The effects of interval direction on pitch accuracy were reported by Edmonson.14 He analyzed the pitch accuracy of five groups of music students (vocalists, string instrumentalists, pianists, brass instrumentalists, and woodwind instrumentalists) on four intervals (the perfect fourth, perfect fifth, major sixth and minor third). It was demonstrated that vocal pitch acuity on ascending intervals is much better than acuity on the same descending intervals.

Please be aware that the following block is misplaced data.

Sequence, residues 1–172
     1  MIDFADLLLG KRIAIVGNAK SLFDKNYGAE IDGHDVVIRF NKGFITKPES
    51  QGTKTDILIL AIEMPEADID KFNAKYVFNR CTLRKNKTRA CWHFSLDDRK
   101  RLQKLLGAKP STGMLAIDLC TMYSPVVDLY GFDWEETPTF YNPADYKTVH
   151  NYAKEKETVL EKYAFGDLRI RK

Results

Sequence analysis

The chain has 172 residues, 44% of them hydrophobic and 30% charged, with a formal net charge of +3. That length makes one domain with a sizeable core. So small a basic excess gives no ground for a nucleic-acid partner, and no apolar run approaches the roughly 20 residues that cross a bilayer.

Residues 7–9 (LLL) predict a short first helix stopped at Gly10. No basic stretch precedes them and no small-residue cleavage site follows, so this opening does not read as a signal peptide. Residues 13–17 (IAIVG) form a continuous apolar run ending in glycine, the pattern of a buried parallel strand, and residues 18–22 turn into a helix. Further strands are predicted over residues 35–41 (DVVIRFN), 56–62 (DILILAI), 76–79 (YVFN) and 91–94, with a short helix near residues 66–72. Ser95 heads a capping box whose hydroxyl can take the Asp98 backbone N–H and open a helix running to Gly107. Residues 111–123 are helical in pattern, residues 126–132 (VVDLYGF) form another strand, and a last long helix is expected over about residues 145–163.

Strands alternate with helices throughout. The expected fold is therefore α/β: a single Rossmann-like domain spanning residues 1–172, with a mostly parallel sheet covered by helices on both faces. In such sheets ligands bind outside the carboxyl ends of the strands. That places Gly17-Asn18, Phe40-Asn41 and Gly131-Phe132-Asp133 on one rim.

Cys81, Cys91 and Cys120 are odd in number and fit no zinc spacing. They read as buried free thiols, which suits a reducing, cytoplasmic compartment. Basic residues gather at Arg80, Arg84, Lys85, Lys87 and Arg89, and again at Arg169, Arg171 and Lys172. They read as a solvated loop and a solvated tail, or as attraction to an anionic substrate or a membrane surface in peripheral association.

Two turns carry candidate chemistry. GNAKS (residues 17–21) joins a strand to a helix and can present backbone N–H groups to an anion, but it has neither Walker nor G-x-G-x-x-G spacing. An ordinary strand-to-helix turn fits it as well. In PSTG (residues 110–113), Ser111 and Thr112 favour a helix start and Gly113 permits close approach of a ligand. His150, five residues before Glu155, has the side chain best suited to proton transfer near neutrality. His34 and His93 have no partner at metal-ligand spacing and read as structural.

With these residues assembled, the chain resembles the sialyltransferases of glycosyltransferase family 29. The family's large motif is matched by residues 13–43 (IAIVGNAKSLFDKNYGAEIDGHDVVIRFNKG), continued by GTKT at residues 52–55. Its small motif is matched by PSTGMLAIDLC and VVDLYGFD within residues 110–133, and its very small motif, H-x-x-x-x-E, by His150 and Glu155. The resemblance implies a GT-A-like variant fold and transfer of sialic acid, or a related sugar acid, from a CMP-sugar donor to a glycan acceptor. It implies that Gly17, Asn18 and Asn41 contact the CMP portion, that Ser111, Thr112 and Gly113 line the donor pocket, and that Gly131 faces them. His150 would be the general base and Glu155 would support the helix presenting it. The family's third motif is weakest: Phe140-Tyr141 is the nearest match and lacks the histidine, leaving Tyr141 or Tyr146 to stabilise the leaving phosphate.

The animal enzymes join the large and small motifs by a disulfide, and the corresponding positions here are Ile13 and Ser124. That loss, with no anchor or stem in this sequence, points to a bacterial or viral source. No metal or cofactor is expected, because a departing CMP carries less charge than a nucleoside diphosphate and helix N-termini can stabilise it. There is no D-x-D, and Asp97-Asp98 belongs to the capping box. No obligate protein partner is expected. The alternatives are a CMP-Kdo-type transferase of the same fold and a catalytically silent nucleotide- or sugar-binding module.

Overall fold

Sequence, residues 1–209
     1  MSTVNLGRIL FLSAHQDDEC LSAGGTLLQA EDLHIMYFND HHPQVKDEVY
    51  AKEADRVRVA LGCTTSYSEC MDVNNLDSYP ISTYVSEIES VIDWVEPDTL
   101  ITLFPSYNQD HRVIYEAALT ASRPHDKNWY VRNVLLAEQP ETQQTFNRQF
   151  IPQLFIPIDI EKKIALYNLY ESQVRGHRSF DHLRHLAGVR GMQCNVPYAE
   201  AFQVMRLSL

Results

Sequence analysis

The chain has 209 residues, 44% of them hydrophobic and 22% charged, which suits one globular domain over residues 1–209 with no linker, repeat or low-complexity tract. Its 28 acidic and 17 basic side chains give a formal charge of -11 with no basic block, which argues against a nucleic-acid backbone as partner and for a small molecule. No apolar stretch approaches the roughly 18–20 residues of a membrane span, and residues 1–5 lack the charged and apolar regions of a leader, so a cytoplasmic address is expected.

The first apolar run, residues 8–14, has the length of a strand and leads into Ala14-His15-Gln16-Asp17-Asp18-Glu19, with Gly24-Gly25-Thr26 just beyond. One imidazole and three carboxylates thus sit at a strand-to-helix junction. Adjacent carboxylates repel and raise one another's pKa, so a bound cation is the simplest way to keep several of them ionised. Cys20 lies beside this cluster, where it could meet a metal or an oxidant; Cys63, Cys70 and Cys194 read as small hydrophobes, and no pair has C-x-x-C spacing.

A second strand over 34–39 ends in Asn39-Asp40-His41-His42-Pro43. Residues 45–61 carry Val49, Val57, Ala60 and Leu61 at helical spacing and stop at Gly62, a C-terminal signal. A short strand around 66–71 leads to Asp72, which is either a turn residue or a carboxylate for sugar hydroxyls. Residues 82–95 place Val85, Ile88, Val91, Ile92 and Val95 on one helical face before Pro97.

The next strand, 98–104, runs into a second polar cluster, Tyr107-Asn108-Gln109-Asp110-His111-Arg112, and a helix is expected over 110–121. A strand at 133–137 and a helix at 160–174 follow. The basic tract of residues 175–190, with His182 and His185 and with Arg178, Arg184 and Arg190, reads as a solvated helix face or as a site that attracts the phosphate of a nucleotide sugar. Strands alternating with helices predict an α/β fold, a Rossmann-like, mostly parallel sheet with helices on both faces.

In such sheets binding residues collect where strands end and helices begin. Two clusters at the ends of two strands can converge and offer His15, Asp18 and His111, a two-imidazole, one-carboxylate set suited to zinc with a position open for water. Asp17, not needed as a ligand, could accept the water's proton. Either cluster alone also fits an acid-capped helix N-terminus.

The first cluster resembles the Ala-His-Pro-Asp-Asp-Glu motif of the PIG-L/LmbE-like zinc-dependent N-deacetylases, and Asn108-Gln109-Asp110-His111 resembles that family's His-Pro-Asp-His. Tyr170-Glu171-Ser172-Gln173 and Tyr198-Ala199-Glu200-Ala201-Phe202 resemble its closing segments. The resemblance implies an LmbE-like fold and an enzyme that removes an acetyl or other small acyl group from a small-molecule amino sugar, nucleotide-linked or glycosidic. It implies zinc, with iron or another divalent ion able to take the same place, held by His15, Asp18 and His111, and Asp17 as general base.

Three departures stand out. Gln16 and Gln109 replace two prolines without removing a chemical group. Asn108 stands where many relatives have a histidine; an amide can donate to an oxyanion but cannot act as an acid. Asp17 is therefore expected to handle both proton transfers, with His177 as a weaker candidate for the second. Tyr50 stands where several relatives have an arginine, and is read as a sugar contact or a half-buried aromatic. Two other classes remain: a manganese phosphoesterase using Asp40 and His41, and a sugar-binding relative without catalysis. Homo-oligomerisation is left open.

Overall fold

In the present study, the effects of the singer’s level of training and the magnitude of external auditory feedback on pitch inaccuracy are investigated. In a previous study,15 the magnitude of the Lombard effect16 was investigated in the same 20 singers. It was found that trained singers were less responsive to changes in the level of the accompaniment than untrained singers, indicating less reliance on external auditory feedback. Therefore, the first prediction in the current study is that pitch accuracy is greater and less variable for trained than untrained singers across levels of external auditory feedback, tempo, articulation and semi-phrase direction (ascending and descending) conditions. Secondly, it is predicted that pitch accuracy is better in an arpeggio produced at a slow tempo, with a legato articulation and in the ascending semi-phrase than in an arpeggio produced at a fast tempo, with a staccato articulation and in the descending semi-phrase. Finally, it is hypothesized that singers’ pitch accuracy is reduced in the absence of external auditory feedback.